The planting season is well underway in the warmer climates, and the USDA issued its first estimate of how U.S. crop acreage will shake out in 2006. Dairy Profit Weekly editor, Dave Natzke, reported that high fuel and fertilizer costs are causing farmers to switch some of their corn acreage to less input-intensive soybeans.
USDA’s “Prospective Plantings” report says that growers intend to plant about 78 million acres of corn in 2006, down about 5 percent from 2005. If that estimate holds true, Natzke said this will be the lowest corn acreage since 2001.
In contrast, U.S. producers intend to plant nearly 77 million acres of soybeans in 2006, he said, up 7 percent from last year and the largest planted area on record. Growers in 20 of the 31 soybean-producing states intend to increase acreage.
USDA also said the nation’s growers expect to harvest about the same number of hay acres in 2006 as last year. Texas producers said drought has substantially lowered hay harvest expectations there, Natzke concluded.
USDA’s latest Dairy Products report shows February butter production totaled 134 million pounds, down 13.3 million pounds or 9 percent from January, but 20.5 million or 18.1 percent above a year ago. Nonfat dry milk output totaled 117.1 million pounds, up 9.8 million or 9.2 percent from January, and 22.8 million pounds or 24.1 percent above 2005.
American-type cheese totaled 302.8 million pounds, down 21.7 million pounds or 6.7 percent from January, but 9.7 million or 3.3 percent above a year ago. Cheddar production hit a record 8.8 million pounds per day, according to the CME’s Daily Dairy Report, up 4 percent from a year ago. Total cheese output, at 718.6 million pounds, was down 53.7 million pounds or 7 percent from January, but 11.2 million or 1.6 percent above a year ago.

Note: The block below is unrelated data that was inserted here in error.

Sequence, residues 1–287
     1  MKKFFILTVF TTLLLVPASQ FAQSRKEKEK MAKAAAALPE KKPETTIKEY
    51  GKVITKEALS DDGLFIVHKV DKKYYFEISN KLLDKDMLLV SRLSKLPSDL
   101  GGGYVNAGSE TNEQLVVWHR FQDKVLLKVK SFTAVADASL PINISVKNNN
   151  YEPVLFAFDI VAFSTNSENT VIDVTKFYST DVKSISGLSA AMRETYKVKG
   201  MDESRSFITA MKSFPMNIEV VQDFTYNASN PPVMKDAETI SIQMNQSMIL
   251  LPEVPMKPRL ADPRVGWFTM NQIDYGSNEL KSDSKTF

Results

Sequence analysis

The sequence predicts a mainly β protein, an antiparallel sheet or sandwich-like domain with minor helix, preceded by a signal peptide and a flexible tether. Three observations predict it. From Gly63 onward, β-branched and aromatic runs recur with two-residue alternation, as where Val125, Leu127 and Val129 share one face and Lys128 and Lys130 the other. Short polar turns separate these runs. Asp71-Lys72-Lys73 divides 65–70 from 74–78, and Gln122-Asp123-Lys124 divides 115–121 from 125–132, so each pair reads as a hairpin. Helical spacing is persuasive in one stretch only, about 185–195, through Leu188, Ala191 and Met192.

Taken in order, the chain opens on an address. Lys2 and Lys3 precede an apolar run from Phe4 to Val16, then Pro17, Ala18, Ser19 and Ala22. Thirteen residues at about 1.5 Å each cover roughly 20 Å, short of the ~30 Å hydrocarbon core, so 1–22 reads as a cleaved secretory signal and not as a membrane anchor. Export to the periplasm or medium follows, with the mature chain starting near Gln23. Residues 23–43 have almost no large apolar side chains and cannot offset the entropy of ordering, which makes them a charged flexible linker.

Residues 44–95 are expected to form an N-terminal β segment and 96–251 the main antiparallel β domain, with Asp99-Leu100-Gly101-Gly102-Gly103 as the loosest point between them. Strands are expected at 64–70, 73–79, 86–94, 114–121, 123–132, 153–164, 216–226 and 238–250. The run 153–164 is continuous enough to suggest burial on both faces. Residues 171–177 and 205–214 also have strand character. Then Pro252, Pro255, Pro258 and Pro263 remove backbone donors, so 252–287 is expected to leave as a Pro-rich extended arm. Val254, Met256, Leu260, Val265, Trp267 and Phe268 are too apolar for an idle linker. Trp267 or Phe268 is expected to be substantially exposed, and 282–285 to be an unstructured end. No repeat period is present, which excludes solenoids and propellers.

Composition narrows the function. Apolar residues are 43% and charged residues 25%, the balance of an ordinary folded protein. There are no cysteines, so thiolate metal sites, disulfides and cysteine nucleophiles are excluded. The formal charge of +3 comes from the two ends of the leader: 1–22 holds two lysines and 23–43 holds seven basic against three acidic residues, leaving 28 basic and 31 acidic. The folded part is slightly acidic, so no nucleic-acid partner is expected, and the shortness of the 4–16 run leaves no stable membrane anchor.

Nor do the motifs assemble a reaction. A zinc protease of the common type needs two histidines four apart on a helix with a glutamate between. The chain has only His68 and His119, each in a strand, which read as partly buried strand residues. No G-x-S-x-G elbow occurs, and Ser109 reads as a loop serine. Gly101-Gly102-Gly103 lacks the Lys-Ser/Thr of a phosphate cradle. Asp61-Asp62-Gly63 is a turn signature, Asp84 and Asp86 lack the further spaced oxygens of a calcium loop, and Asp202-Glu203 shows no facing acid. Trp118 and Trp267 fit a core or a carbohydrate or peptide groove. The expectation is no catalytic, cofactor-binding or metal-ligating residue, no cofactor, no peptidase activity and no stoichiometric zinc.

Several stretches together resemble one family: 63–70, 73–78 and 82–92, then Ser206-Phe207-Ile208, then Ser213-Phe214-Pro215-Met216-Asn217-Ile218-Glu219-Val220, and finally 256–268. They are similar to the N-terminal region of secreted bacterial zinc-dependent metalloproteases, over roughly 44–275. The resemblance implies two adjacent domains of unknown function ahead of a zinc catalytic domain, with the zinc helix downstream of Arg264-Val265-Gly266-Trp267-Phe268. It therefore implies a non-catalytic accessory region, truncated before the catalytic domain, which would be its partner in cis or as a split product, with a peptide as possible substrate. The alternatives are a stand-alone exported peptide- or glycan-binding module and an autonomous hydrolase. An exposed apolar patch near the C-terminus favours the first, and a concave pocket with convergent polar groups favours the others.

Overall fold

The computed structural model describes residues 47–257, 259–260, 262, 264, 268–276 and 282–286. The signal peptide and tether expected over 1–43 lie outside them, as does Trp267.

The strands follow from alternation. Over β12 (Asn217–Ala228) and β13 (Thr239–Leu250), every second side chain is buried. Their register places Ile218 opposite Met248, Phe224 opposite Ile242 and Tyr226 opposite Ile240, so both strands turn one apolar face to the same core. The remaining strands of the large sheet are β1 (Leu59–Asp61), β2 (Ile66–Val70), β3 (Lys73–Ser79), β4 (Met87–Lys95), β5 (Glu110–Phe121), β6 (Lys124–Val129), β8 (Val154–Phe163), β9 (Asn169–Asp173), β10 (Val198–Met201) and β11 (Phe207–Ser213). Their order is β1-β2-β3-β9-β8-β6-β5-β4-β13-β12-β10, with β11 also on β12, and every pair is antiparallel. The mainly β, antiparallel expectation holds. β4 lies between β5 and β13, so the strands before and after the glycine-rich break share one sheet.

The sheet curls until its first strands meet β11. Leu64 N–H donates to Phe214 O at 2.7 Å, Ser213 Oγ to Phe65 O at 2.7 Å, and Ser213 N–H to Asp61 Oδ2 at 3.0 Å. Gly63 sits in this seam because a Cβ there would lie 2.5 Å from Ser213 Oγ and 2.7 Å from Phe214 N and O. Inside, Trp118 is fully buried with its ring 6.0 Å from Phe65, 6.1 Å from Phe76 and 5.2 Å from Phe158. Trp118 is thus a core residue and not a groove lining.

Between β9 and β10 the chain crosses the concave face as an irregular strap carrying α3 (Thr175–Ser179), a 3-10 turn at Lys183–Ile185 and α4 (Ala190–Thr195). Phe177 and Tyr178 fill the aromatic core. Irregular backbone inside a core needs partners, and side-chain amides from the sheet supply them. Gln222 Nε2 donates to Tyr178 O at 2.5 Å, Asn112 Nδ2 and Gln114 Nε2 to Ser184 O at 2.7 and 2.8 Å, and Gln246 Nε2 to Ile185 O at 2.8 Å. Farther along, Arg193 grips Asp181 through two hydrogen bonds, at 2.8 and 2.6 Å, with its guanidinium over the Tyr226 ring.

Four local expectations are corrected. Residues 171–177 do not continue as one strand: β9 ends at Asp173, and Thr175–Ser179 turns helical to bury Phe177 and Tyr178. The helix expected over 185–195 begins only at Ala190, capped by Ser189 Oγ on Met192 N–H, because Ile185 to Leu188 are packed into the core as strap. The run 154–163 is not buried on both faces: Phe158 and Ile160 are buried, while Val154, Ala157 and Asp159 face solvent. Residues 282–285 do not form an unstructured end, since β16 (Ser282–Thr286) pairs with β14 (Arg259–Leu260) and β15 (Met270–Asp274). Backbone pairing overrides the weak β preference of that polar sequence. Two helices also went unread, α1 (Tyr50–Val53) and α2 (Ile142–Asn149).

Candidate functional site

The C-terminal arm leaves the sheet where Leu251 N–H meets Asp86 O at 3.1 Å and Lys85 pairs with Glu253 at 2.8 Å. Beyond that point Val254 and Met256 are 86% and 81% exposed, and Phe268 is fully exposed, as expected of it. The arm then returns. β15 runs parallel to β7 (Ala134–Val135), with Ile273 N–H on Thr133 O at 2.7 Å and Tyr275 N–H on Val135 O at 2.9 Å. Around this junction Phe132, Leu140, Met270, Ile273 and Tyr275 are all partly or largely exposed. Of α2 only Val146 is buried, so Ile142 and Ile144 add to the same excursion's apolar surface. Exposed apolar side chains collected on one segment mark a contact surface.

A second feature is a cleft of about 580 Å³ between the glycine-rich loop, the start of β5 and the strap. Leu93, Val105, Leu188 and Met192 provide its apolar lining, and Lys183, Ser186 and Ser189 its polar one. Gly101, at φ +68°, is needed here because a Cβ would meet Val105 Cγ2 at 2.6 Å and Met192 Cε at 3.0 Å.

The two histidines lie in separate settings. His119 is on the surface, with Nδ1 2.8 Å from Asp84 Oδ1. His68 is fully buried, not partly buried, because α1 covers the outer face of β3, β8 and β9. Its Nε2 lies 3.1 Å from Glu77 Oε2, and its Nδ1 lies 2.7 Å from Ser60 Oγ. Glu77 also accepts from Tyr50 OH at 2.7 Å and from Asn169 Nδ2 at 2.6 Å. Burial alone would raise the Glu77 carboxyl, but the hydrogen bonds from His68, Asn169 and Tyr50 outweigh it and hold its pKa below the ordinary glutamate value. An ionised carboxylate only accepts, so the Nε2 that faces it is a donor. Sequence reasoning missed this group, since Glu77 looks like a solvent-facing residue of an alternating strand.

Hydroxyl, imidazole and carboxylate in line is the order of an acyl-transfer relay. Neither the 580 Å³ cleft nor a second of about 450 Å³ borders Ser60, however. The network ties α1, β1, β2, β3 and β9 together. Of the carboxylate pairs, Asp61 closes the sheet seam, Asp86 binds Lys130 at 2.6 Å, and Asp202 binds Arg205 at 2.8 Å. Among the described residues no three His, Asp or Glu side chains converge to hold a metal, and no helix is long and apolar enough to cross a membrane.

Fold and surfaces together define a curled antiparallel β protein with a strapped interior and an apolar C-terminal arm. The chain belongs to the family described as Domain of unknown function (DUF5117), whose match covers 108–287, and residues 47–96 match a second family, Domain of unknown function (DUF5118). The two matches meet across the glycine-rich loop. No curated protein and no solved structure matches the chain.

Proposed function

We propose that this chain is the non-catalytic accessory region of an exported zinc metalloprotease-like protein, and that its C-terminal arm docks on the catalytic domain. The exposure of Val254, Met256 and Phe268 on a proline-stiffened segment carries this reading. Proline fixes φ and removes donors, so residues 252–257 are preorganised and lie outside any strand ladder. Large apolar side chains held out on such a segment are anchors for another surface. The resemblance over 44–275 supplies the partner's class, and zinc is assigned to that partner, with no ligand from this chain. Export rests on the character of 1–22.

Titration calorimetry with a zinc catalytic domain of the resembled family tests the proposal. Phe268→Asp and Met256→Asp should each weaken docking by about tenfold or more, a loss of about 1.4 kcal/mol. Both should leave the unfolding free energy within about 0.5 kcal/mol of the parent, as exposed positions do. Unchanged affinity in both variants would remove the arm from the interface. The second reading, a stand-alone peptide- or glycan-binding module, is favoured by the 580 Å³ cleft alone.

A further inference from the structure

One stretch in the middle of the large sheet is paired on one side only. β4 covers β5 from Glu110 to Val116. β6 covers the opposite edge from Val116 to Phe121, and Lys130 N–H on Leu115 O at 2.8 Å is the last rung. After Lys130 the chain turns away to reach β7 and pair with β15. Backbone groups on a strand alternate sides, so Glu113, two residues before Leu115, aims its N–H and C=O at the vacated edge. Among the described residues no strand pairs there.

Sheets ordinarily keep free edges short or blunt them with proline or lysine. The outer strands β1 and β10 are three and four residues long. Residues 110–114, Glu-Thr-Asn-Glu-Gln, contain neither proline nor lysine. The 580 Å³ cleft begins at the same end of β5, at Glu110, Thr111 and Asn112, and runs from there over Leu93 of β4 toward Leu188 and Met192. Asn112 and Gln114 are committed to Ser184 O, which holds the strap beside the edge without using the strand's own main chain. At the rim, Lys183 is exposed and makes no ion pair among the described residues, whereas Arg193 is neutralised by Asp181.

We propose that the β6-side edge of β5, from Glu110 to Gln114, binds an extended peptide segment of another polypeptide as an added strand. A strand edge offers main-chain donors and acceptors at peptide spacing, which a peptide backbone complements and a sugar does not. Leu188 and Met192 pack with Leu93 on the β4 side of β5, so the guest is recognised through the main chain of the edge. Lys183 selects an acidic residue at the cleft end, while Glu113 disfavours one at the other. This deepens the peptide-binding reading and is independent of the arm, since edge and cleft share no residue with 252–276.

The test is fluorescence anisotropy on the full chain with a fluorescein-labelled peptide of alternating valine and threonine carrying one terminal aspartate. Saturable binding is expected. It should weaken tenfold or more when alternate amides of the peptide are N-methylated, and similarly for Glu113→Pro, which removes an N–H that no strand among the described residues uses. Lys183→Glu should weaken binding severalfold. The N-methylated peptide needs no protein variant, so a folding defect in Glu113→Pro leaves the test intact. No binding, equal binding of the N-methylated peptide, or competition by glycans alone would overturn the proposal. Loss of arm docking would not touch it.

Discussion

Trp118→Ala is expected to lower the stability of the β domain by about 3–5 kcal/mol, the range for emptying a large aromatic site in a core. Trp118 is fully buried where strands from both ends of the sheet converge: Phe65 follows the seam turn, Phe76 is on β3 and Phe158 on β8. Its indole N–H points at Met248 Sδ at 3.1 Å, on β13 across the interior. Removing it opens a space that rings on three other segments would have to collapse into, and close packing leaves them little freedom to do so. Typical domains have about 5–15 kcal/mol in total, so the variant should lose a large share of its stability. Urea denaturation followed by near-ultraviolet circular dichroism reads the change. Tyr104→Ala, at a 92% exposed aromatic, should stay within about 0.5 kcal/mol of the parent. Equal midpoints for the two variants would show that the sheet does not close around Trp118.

Cheddar production in Wisconsin was down 2.8 percent from a year ago and down 6.4 percent in California. Idaho output was up 10.5 percent. California butter production was up 32.2 percent from a year ago, while Wisconsin butter manufacturing was up 16.8 percent, according to the USDA.
Cash dairy product prices showed strength early in the first week of April but it must have been an “April Fools” because prices fell back. Block cheese climbed to $1.2050 but closed Friday at $1.16 per pound, down three quarters on the week, and 42 cents below a year ago. Barrel closed Friday at $1.1275, also down three quarters on the week, and 39.25 cents below a year ago. Five cars of block traded hands on the week and four of barrel. The NASS U.S. average block price hit $1.1655, up 1.2 cents. Barrel averaged $1.1363, up 0.4 cent.
Butter closed the week at $1.1575, down a quarter cent on the week, and 40.25 cents below a year ago. Seven cars were sold on the week. The NASS butter price averaged $1.1437, down 0.9 cent. NASS nonfat dry milk averaged 84.18 cents per pound, down 1.8 cents, and dry whey averaged 31.76 cents, down 1.2 cents.
This farm news was published in the April 12, 2006 issue of Farm World.